Introducing and Open Sourcing Shiv

  • 时间: 2018-05-11 01:13:18

At LinkedIn, we ship hundreds of command-line utilities to every machine in our data centers and to all of our employees’ workstations. The vast majority of these utilities are written in Python.

In addition to developing these command-line utilities, we have hundreds of supporting libraries that are constantly being iterated on, with new versions published daily. Because of the inherent problems present when dealing with such a huge and ever-changing dependency graph, we need to package the executables individually to avoid dependency conflicts. Initially, we took advantage of the great open source tool PEX. PEX elegantly solved the isolated packaging requirement we had by including all of a tool’s dependencies inside a single binary file that we could then distribute.

However, as our tools matured over time and picked up additional dependencies, we became acutely aware of the performance issues being imposed by the pkg_resourceslibrary, which are well documented here.

To briefly summarize:

  • Pkg_resourcesmust scan every element of Python’s sys.pathin order to build metadata objects that represent each “distribution.”
  • This work is done at import time, which can significantly slow down CLI invocation time.

Since PEX leans heavily on pkg_resourcesto bootstrap its environment, we found ourselves at an impasse: either lose out on the ability to neatly package our tools in favor of invocation speed, or impose a few-second start-up penalty for the benefit of easy packaging.

After spending some time investigating and extricating pkg_resourcesfrom PEX, we decided to start from a clean slate, and thus, shivwas created.

What does shiv do?

Shiv allows us to create a single binary artifact from a Python project that includes all of its dependencies. The only thing required to run a full-fledged Python application is an interpreter.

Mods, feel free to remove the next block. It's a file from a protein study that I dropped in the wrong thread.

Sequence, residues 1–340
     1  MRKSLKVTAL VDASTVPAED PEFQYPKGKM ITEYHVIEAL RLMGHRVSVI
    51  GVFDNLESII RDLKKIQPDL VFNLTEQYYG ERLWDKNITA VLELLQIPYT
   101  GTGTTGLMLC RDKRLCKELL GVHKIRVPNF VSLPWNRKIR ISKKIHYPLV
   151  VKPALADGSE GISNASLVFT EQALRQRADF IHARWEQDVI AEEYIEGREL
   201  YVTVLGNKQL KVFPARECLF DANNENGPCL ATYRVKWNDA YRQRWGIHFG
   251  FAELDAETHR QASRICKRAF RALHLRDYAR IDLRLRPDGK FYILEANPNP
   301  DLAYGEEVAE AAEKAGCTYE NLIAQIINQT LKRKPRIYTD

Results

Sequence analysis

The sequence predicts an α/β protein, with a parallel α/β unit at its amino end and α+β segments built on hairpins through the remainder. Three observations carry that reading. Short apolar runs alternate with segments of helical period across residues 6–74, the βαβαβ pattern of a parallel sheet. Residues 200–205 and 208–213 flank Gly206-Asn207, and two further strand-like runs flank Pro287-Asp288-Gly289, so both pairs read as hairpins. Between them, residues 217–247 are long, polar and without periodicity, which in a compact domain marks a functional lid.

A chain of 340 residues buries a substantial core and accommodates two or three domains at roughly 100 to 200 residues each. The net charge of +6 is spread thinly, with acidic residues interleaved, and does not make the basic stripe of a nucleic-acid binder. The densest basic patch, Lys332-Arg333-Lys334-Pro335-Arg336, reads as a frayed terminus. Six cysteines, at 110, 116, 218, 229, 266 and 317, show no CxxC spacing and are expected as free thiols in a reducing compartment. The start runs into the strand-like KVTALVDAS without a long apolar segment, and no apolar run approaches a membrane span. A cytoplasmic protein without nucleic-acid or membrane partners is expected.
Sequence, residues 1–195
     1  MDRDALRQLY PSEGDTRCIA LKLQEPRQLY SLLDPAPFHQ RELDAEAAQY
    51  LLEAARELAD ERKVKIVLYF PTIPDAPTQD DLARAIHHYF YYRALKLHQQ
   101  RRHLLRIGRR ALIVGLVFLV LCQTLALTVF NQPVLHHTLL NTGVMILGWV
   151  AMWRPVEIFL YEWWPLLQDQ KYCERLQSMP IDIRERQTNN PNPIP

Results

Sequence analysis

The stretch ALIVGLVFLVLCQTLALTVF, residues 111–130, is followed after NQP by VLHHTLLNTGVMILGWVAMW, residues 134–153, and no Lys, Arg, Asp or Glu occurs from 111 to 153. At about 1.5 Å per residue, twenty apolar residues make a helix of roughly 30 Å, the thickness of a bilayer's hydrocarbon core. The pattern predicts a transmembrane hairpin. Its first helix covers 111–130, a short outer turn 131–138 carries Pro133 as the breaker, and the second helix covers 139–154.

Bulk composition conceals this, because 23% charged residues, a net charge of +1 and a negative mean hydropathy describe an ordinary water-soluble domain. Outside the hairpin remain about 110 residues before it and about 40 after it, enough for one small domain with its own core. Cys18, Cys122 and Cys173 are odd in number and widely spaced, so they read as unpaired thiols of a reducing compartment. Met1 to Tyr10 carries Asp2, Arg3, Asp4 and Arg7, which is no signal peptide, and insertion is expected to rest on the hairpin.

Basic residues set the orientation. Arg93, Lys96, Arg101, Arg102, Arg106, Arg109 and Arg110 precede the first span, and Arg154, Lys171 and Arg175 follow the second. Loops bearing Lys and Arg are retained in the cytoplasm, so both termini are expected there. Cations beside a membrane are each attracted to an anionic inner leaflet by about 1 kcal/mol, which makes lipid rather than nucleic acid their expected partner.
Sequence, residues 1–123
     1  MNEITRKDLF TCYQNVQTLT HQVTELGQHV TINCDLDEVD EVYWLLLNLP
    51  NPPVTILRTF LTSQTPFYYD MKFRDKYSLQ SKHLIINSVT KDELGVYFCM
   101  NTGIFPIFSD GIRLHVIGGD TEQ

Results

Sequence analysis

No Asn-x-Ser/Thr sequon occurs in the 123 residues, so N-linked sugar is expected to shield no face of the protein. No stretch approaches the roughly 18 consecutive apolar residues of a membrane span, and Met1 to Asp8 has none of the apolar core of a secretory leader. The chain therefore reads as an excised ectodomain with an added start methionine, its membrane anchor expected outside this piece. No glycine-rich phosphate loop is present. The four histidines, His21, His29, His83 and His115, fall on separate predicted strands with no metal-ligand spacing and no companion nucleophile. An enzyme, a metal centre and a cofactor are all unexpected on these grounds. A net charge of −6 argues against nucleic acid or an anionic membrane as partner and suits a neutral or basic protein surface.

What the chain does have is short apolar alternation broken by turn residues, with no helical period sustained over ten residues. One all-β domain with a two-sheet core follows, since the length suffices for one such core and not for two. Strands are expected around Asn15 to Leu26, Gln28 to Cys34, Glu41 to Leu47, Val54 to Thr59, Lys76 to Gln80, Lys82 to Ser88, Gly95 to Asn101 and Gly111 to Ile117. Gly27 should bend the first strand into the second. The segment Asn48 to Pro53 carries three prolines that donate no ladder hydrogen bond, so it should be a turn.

How does shiv work?

Inspired by PEP 441, shiv creates a “ zipapp” containing a Python project, all the project’s dependencies, and a special bootstrap module that extracts and injects all required dependencies at run time with very little latency cost.

  • Shiv completely avoids the use of pkg_resources. If it is included by a transitive dependency, the performance implications are mitigated by limiting the length of sys.pathand always including the -s and -E Python interpreter flags.

  • Instead of shipping our binary with downloaded wheelsinside, we package an entire site-packages directory, as installed by pip. We then bootstrap that directory post-extraction via the stdlib’s site.addsitedirfunction. That way, everything works out of the box: namespace packages, real filesystem access, etc.

Because we optimize for a shorter sys.pathand don’t include pkg_resourcesin the critical path, executables created with shiv are often even faster than running a script from within a virtualenv.

Why shiv?

The tool freezes a Python environment, so you can think of shiv as a shorter way of saying “shiver.”


Special thanks toBarry Warsaw andDan Sully for their help open sourcing this project.

We also have to credit the great work by @wickman, @kwlzn, @jsiroisand the other PEX contributorsfor laying the groundwork for shiv!